Compassion and tolerance are not a sign of weakness, but a sign of strength.
— Dalai Lama
Compassionate communication is necessary in dealing with challenging personalities. In the context of selling and negotiating, there are times when you will need to “weather the storm” of inappropriate attitudes and energy that comes your way, e.g., the customer who treats you disrespectfully; the client who is overly demanding; or the business partner who is acting obnoxious.
Having compassion rather than being triggered by unsettling comments or attitudes enables you to stay focused on the end result you’re seeking. This is easier said than done but if you can demonstrate compassion rather than react negatively you will be in a stronger position to negotiate. Showing compassion in the face of someone else’s “storm” is powerful. It prevents you from being taken off your game or, as some might say, down the rat hole. It also keeps you calm and calmness is always powerful.
If despite your best efforts, the unwarranted attitude or comments do not cease, it may require addressing the problem before continuing with the negotiation. In doing so, addressing the person with compassion (rather than argumentative or shaming) will foster a feeling of understanding and empathy. In other words, you let the other person know you’ve been where they are now, too. You get it. You just need to make them aware that their behavior is not enabling a meaningful negotiation to occur and that is defeating both of your desires.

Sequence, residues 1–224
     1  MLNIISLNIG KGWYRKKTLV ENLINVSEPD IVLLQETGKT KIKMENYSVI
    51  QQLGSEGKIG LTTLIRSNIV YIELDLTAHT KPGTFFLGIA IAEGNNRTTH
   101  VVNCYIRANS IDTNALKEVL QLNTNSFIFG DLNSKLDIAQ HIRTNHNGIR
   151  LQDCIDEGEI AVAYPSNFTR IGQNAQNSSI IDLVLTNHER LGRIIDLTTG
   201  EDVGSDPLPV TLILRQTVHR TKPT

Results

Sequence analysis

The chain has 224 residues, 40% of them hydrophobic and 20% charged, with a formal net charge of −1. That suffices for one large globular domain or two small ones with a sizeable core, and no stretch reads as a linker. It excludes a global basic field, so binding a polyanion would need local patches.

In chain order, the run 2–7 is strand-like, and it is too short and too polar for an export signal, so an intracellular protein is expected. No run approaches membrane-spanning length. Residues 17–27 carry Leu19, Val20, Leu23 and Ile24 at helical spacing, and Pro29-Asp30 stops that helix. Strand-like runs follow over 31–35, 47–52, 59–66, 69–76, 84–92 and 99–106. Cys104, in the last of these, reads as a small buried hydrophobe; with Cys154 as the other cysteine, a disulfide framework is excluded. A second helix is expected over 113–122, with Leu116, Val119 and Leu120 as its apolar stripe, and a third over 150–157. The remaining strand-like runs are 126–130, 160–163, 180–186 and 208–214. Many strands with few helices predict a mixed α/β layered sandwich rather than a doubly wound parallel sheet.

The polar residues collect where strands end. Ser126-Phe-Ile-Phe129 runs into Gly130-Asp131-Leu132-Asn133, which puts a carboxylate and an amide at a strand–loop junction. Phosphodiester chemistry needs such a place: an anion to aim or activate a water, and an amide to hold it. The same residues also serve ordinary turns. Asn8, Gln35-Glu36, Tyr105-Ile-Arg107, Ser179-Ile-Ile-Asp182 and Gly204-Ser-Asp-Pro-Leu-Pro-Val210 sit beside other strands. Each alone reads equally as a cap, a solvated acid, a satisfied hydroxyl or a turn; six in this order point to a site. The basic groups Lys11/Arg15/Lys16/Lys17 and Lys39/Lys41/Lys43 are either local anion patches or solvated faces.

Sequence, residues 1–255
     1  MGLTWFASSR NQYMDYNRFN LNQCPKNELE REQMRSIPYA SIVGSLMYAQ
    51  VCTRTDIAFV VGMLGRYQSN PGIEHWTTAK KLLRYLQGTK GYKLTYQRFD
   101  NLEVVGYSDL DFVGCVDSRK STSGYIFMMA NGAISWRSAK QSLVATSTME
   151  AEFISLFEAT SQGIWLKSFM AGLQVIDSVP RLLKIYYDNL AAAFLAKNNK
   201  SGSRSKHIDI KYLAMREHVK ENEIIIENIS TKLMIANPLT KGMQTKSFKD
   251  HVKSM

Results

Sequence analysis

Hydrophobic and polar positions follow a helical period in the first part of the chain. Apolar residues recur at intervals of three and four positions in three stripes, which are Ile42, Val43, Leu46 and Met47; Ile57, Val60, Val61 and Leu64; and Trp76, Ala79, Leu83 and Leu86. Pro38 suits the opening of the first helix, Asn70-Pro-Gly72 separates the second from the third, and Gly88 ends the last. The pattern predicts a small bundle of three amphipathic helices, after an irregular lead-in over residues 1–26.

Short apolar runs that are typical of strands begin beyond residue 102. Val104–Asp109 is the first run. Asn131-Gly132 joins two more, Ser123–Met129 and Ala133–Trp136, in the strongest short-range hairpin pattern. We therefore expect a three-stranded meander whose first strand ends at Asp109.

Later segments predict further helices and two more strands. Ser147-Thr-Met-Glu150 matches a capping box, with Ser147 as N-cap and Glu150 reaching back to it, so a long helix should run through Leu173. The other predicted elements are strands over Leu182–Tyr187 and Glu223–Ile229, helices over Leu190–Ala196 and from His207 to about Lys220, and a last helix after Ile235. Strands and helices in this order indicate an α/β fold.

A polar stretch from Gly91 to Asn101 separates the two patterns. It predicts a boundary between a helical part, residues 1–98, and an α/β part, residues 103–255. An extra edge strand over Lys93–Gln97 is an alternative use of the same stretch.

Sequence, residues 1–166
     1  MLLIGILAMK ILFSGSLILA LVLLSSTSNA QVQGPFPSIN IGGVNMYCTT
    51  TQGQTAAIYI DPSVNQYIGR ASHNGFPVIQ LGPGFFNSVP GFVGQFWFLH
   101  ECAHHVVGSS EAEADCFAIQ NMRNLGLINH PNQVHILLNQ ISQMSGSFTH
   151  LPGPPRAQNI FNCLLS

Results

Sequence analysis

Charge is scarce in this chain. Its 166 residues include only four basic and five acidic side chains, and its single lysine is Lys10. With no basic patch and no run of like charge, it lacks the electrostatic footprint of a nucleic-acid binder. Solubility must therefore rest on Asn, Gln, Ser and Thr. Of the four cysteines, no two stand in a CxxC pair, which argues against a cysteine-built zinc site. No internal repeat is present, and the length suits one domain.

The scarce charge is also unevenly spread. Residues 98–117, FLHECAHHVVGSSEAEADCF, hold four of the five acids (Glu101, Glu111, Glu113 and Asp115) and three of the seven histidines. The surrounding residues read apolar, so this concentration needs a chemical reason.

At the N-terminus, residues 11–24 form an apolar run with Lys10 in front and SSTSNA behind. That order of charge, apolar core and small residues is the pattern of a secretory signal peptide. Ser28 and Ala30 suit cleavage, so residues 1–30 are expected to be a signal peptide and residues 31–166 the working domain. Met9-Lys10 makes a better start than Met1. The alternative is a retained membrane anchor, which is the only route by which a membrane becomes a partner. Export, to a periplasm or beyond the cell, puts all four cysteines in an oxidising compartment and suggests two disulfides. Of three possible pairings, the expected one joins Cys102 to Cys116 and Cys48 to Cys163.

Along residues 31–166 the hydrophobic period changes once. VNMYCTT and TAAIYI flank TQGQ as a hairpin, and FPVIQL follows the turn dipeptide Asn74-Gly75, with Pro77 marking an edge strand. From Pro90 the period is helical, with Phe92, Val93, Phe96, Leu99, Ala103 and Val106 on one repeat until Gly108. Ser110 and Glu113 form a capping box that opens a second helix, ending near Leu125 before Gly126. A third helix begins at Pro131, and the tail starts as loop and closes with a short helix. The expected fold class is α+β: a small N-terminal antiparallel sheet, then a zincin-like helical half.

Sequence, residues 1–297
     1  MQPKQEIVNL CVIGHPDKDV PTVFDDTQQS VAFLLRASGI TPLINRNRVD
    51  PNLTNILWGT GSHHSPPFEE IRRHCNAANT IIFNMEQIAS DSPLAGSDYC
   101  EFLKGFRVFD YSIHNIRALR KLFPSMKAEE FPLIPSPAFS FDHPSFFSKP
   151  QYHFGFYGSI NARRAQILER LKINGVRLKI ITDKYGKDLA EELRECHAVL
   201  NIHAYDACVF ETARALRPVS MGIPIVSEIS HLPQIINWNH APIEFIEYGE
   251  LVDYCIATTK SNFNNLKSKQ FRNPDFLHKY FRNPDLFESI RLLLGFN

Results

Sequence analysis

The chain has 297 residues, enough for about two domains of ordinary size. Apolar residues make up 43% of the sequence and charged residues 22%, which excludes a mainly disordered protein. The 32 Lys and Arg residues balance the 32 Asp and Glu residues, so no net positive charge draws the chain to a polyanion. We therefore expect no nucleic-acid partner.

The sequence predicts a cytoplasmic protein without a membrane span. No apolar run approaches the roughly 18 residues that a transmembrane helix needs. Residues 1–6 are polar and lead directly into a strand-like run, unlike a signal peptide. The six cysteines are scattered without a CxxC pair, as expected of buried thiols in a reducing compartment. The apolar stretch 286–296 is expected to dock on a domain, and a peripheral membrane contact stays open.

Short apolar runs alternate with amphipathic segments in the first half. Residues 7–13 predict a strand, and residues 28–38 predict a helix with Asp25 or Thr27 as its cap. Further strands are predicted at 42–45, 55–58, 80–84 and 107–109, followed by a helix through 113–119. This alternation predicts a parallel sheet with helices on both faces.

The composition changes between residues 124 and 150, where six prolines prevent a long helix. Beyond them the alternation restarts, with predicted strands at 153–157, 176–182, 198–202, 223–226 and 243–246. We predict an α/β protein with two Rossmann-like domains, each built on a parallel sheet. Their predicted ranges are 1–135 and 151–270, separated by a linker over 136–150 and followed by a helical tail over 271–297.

On the flip side and equally important is to have compassion for yourself during any meaningful negotiation. You may make a mistake at some point and if you do, don’t let it be a big deal. If it’s not a big deal to you it’s likely not going to be a big deal with whoever you are negotiating. Sometimes, the other party is not even aware of the mistake you made. And even if the mistake is known to both of you, just own it, apologize, and move on. Again, if you don’t make it a big deal it will less likely become a big deal to the other party. Negotiating is hard enough. Don’t compound it by beating yourself up in the middle of it.